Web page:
Background: Immunotherapy has been less successful in treating prostate cancer than other solid tumors. We sought to better understand the immune landscape in prostate cancer and identify immune-related biomarkers and potential therapeutic targets. Methods: We analyzed gene expression data from 7826 prospectively collected prostatectomy samples (2013-2016), and 1567 retrospective samples with long-term clinical outcomes, for a total of 9393 samples, all profiled on the same commercial clinical platform in a CLIA-certified lab. The primary outcome was distant metastasis-free survival (DMFS). Secondary outcomes included biochemical recurrence-free survival (bRFS), prostate cancer-specific survival (PCSS), and overall survival (OS). All statistical tests were two-sided. Results: Unsupervised hierarchical clustering of hallmark pathways demonstrated an immune-related tumor cluster. Increased estimated immune content scores based on immune-specific genes from the literature were associated with worse bRFS (hazard ratio [HR]=1.26 [95% confidence interval [CI]=1.12 to 1.42]; P<.001), DMFS (HR=1.34 [95% CI=1.13 to 1.58]; P<.001), PCSS (HR=1.53 [95% CI=1.21 to 1.92]; P<.001), and OS (HR=1.27 [95% CI=1.07 to 1.50]; P=.006). Deconvolution using Cibersort revealed that mast cells, natural killer cells, and dendritic cells conferred improved DMFS, whereas macrophages and T-cells conferred worse DMFS. Interestingly, while PD-L1 was not prognostic, consistent with its low expression in prostate cancer, PD-L2 was expressed at statistically significantly higher levels (P<.001) and was associated with worse bRFS (HR=1.17 [95% CI=1.03 to 1.33]; P=.01), DMFS (HR=1.25 [95% CI=1.05 to 1.49]; P=.01), and PCSS (HR=1.45 [95% CI=1.13 to 1.86]; P=.003). PD-L2 was strongly associated with immune-related pathways on gene set enrichment analysis suggesting that it is playing an important role in immune modulation in clinical prostate cancer samples. Furthermore, PD-L2 was correlated with radiation response pathways, and also predicted response to postoperative radiation therapy (PORT) on multivariable interaction analysis (P = .03). Conclusion: In the largest study of its kind to date, these results illustrate the complex relationship between the tumorimmune interaction, prognosis, and response to radiotherapy, and nominate PD-L2 as a potential novel therapeutic target in prostate cancer, potentially in combination with radiotherapy.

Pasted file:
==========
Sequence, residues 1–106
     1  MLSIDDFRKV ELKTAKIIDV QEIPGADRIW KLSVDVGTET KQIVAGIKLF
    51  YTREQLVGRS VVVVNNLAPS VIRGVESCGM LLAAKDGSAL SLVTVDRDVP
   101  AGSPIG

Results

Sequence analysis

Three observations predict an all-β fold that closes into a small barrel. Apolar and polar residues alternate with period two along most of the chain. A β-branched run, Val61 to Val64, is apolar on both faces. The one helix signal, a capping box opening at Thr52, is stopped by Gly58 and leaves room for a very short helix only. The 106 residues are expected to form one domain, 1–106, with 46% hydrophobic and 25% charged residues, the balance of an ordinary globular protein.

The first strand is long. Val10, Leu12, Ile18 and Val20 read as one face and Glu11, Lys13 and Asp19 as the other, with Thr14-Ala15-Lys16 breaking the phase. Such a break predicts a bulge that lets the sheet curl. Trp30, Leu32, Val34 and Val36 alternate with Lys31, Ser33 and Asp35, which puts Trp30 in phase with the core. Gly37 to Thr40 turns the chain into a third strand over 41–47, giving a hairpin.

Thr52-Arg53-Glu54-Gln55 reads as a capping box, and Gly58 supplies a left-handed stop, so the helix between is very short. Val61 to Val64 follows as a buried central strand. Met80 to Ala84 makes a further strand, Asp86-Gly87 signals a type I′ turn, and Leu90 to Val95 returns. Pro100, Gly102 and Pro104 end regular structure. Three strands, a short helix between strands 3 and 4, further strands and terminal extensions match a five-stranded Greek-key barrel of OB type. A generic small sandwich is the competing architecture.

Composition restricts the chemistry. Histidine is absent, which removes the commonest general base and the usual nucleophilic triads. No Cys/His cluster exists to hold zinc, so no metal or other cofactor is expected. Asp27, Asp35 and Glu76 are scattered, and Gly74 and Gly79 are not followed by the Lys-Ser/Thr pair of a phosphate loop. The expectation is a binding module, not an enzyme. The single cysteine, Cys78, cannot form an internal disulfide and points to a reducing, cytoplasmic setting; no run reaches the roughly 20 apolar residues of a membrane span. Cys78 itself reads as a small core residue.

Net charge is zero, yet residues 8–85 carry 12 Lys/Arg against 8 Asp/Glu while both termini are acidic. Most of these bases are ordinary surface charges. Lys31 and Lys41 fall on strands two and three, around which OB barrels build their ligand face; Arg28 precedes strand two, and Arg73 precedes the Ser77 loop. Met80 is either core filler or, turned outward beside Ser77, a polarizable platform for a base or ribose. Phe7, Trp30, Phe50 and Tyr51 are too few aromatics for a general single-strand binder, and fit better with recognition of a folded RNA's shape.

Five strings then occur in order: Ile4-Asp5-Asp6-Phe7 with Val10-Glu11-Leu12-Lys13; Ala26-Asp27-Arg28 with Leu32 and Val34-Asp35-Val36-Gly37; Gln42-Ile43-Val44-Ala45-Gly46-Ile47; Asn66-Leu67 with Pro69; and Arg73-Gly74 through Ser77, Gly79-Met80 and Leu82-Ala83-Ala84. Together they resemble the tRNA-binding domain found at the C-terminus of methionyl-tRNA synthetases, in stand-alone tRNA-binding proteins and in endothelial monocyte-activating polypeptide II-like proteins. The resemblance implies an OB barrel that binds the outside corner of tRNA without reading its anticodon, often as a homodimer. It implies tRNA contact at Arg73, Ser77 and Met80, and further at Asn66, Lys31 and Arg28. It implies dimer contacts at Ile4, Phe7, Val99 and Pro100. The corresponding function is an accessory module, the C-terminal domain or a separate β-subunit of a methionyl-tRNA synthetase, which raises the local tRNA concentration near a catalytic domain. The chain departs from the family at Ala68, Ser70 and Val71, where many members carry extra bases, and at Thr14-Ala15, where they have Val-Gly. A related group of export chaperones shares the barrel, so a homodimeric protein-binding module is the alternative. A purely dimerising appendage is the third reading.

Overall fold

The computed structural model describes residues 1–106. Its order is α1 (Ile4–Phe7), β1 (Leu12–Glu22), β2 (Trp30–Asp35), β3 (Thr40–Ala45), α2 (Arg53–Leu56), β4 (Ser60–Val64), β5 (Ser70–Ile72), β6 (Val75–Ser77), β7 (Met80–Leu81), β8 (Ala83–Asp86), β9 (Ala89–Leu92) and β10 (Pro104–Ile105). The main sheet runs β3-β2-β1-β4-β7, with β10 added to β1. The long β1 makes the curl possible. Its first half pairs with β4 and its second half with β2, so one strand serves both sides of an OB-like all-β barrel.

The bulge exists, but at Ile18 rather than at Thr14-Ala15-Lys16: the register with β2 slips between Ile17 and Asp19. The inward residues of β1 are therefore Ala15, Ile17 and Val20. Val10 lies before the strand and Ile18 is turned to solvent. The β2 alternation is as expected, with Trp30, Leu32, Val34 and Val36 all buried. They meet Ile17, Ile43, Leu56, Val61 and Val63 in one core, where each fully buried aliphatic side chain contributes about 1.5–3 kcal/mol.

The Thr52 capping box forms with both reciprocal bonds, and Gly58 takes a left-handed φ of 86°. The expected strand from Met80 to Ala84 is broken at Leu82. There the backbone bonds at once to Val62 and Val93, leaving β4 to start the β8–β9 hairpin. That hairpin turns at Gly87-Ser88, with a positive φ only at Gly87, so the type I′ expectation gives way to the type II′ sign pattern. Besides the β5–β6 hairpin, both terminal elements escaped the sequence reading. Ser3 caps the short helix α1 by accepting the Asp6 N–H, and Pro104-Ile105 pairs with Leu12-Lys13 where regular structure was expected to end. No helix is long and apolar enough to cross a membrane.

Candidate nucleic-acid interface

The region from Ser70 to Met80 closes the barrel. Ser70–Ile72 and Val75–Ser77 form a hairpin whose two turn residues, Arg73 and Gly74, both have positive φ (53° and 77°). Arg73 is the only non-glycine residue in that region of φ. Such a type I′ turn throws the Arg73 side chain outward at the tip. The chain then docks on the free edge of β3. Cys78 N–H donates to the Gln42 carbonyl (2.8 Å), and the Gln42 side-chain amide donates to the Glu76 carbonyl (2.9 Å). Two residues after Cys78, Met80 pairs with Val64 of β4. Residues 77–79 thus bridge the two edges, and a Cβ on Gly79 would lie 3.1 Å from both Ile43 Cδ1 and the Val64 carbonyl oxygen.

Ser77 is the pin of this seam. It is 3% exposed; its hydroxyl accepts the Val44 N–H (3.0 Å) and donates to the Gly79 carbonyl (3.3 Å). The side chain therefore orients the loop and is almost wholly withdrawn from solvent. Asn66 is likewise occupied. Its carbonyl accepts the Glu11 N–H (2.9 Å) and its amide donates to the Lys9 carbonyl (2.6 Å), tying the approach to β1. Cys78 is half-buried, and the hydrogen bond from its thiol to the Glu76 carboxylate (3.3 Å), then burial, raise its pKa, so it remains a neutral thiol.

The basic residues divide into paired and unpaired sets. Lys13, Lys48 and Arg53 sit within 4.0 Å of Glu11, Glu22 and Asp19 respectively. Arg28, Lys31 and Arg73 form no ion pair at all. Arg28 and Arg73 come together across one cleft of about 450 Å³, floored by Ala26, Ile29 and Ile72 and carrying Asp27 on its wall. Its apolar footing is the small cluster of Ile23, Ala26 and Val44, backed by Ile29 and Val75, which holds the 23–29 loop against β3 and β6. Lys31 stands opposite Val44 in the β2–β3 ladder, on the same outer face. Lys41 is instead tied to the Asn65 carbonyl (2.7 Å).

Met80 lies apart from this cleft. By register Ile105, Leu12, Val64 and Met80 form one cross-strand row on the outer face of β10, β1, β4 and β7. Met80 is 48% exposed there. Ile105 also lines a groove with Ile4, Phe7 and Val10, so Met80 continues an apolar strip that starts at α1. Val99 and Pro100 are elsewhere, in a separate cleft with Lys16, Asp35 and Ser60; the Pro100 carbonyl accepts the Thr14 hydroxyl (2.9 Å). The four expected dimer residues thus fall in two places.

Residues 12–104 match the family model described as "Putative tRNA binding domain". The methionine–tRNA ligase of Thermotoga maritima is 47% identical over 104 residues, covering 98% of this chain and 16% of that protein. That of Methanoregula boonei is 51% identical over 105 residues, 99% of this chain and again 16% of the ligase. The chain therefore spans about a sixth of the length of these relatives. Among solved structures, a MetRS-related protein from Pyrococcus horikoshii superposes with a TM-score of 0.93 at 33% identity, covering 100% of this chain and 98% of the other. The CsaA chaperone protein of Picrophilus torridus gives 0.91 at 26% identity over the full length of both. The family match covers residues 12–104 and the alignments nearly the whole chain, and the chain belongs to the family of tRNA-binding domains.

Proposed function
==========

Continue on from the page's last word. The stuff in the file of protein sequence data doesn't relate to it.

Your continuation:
ASJC Scopus subject areas
- Cancer Research